Swiss Re joins global coalition to better predict & prevent outbreak and pandemics, to harness data and analytics

The Trinity Challenge aims to develop ideas and tools for tackling the three stages of infectious disease emergencies – identification, response and recovery. By becoming a member of The Trinity Challenge, Swiss Re is joining leaders across the academic, non-profit and private sectors including Google, Microsoft and Facebook, GlaxoSmithKline, McKinsey & Company, the Gates Foundation, the University of Cambridge and Imperial College London.

 

Zurich:

Swiss Re is joining The Trinity Challenge,a global coalition that aims to better predict and prevent outbreaks, epidemics and pandemics by harnessing the power of data and analytics.

Swiss Re has integrated COVID-19 related health, economic and social data in one unique platform: the Risk Resilience Center.

As a contribution in kind, the pioneering Swiss Re platform is being opened to participants of The Trinity Challenge. It enables advanced analyses of COVID-19 metrics and their connection with the status of countries’ medical systems, business or travel activity – in short, with the economy at large.

By becoming a member of The Trinity Challenge, Swiss Re is joining leaders across the academic, non-profit and private sectors including Google, Microsoft and Facebook, GlaxoSmithKline, McKinsey & Company, the Gates Foundation, the University of Cambridge and Imperial College London.

The Trinity Challenge aims to develop ideas and tools for tackling the three stages of infectious disease emergencies – identification, response and recovery.

Since the beginning of the pandemic, Swiss Re, in collaboration with leading big data analytics company Palantir Technologies, has been integrating relevant data sources related to COVID-19’s health, economic and social dimensions (such as aggregate mobility and behavioural patterns) on one platform: the Risk Resilience Center.

The platform provides access to the world’s richest data on COVID-19, integrating publicly available global data from 100+ sources. It is global in coverage, granular in depth, and continuously enriched. Swiss Re will make the data assets and analytics tools available to The Trinity Challenge participants based on their specific research topics.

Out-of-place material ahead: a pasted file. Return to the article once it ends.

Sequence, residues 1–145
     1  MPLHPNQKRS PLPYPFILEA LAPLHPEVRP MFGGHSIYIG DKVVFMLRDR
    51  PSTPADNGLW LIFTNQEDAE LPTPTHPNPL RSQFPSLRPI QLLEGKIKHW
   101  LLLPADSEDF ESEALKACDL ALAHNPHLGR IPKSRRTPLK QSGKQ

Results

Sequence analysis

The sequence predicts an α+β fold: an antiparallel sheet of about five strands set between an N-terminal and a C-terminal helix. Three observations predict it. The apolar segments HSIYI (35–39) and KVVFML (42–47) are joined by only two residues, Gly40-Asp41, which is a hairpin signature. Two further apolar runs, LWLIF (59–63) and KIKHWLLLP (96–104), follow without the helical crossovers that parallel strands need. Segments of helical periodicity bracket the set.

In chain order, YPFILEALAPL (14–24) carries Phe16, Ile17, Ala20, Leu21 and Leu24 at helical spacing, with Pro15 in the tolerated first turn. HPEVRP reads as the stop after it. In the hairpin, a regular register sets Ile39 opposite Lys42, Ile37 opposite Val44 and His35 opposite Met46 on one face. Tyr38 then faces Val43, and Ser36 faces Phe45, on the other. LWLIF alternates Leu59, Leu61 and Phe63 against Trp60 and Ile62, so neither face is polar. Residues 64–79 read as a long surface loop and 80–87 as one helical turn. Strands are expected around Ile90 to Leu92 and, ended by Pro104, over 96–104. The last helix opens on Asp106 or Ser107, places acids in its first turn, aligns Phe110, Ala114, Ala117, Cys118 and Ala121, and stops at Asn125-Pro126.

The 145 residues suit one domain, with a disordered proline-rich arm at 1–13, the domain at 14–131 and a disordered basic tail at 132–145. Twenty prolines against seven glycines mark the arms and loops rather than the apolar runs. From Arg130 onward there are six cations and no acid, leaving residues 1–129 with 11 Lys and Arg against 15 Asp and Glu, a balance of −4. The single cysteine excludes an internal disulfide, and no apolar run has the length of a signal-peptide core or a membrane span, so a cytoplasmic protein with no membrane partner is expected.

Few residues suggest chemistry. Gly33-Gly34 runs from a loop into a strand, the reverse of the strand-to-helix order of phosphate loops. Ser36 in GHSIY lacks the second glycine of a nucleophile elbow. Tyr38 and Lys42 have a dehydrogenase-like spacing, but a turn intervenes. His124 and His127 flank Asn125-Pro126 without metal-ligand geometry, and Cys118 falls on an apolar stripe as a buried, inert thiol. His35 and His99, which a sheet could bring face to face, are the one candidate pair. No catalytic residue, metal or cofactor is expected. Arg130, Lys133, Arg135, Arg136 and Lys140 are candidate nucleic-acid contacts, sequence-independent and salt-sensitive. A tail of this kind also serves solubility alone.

Ian Haycock, Chief Data Officer at Swiss Re, said: “As one of the world’s leading tech- and data-enabled reinsurers we have been using data to make the world more resilient for more than 150 years. We are proud to build on this legacy by opening our pioneering Risk Resilience Center for the benefit of global health. It typically takes weeks to have data integrated and curated –our platform updates, checks and transforms datasets automatically and multiple times per hour, with a continuous flow of incoming data, allowing for cross-country comparisons and drilldowns on states and regions. Equipped with these cutting-edge capabilities,

The Trinity Challenge participants can analyse the spread of a pandemic, the economic impact of lockdowns or the success of behavioural changes like wearing a mask in limiting further infection.“

Dame Sally Davies, Master of Trinity College at the University of Cambridge,former Chief Medical Officer of England and Convenor of The Trinity Challenge, said: “Having access to this wealth of data and analytics creates a tremendous opportunity for academics, researchers and analysts. It provides the basis for new modelling, ground-breaking analyses and actionable solutions. We invite researchers and analysts from the public and private sector to apply to join the Challenge, work with Swiss Re and Palantir, and make their insights available as global public goods.“

A pioneering data platform to help the world be better prepared for health crises Swiss Re’s Risk Resilience Center has already been put into practice successfully.

For example, the platform enables the analysis of COVID-19 infections, hospital stays, and mortalities for specific countries. Large companies already apply these insights to adjust their workplace policies.

 By spotting portfolio accumulations, insurers can deploy policyholder support in areas such as mental health management. Findings are also being used by insurers to confirm whether they are sufficiently capitalised in face of the COVID-19 crisis and to adjust this as needed.

The platform lets The Trinity Challenge participants evaluate how stressed a country’s medical system is at a given point in time and enables predictions by combining real-time hospital and ICU bed occupancy rates with model projections. This helps allow for better planning such as the assessment of needed medical resources and their allocation.

Swiss Re is currently also reaching out to governments and multilateral development banks with the aim of providing them with access to the platform pro bono.


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